By Jerry Miller
Jacksonville Daily Progress
To consistently catch bass you have to have a basic understanding of seasonal movements, water and weather conditions and how bass react under pressure.
You may have the bass figured out and know where and how to catch them, but when you arrive at your secret locations you soon discover that it’s not that big of a secret. You may see a half dozen bass boats in your prime area.
This is a common scenario today. And it seems to be getting worse. Modern electronics can scan the bottom terrain 360 degrees around the boat. With Down Image you can count the limbs on a tree. This leaves little question about bottom structure, cover and where to look for bass. Simply put, the bass can’t hide anymore.
For years I’ve fished around and behind other boats, but most of the time it didn’t bother me because I would be fishing a lure that was different from theirs. For many, many years I fished a silent crank bait with no rattles. Almost everyone else was fishing rattling baits. The silent bait was different and consistently caught bass.
Bass fishing also requires stealth. Especially in the spring when bass are usually in less than five feet of water, any type of noise will alert the bass to your presence. The secret is to locate an area that is holding some big bass and anchor up. Power Poles can make a huge difference in how many bass you catch in a day’s time. For those like me who can’t afford Power Poles, an anchor will suffice. It’s more work, but it gets the job done.
Heavy angler traffic can also reposition the fish. At times the bass will move out slightly deeper and you need to slow down and adjust.
Just because you aren’t getting bit doesn’t mean the bass have left. This week I was fishing a cold water lake and the surface temperature was in the 40’s. The bass were very lethargic. I had previously fished this area a few days back and didn’t get bit. This time I made myself slow way, way down.
I was using a lighter 1/4 oz. Nichols’ stand up crawfish jig with a Nichols’ Sweet Thing. After I cast the lure out in the shallow waters I let the bait lie motionless for several seconds. Then I began a very, very slow retrieve about one inch at a time with frequent stops. I was crawling the bait extremely slow. No hops or quick movements.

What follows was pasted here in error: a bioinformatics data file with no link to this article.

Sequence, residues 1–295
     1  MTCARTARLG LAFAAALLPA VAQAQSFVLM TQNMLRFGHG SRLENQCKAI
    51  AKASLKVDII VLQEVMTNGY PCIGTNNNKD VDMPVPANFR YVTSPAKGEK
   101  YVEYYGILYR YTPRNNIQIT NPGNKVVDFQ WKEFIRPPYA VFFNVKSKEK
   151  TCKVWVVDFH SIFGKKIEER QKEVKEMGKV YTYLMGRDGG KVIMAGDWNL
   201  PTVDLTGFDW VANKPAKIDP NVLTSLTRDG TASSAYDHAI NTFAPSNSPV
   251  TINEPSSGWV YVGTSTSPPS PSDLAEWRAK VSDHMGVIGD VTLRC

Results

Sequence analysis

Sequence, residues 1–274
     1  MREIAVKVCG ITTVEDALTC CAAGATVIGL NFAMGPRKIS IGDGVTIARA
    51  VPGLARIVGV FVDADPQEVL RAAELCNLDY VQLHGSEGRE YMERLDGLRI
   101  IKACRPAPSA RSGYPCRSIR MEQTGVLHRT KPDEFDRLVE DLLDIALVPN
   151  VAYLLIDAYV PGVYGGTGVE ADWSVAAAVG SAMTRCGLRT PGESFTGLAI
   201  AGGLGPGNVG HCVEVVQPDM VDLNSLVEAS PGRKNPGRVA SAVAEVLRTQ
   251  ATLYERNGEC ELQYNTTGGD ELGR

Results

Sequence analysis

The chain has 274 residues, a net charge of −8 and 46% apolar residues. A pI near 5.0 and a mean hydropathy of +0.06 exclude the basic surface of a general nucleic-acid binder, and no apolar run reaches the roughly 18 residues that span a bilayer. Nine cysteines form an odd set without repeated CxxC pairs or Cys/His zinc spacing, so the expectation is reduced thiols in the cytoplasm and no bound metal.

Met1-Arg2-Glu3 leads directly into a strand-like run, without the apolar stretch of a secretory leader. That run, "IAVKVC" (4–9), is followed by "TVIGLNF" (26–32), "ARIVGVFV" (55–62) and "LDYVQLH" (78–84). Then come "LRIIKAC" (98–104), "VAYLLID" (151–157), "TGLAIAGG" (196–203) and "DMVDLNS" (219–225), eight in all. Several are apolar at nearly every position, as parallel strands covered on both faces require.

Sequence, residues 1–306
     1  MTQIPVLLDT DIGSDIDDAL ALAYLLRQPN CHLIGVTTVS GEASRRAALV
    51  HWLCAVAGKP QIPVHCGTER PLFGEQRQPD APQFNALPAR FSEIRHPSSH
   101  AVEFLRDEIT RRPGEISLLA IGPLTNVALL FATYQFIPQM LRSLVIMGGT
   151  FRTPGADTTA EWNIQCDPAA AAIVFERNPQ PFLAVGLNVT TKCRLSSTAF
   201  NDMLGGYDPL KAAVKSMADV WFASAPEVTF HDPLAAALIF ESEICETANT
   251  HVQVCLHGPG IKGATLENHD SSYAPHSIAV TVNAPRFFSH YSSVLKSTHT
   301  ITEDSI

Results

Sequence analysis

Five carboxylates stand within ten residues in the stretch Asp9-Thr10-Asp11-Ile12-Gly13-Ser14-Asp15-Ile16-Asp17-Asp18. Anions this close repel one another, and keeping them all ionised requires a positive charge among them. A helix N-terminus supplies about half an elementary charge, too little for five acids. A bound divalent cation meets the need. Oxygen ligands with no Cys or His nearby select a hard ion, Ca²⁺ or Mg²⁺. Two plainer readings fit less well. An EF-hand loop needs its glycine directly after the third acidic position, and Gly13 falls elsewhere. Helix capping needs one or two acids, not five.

The bass began to bite this lure. These were unusually vicious strikes, but when I set the hook nothing was there. I couldn’t understand how I was missing these fish. I wasn’t even sure it was a bass. About 15 minutes later I finally hung the fish and pulled it to the surface. It was a small bass weighing about a pound. They were hard to catch, but at least I knew that there were some bass up shallow near the bank. The bass were in about four to five feet of water.
The biggest surprise came when I tied on a Nichols’ perch-color 1/2 oz. Rattle Shad and cast it out to deeper water (about 10 feet). I let the lure sink to the bottom and began a slow retrieve with several pauses to keep the lure near the bottom. These fish were crappie – not bass. I have never caught crappie in that manner. Crappie don’t normally strike a 1/2 oz. Rattle Shad, but they did that day. That lure produced about 10 fish that day. Fish can nearly always be caught on any given day. But every day you have to experiment with different lures and techniques until you find out what they want and what presentation to use.
Winter fishing is tough because the bass are usually lethargic and refuse to eat a bait. I get a lot of short strikes in the winter. That’s why I usually fish a warm power plant lake where the bass are more active.
I’ve been bass fishing for over 50 years and I’m still trying to understand the many quirks of a bass. Even though bass fishing is getting tougher, I can usually find out a way to catch a few of the bass.
Jerry Miller can be contacted at: firstname.lastname@example.org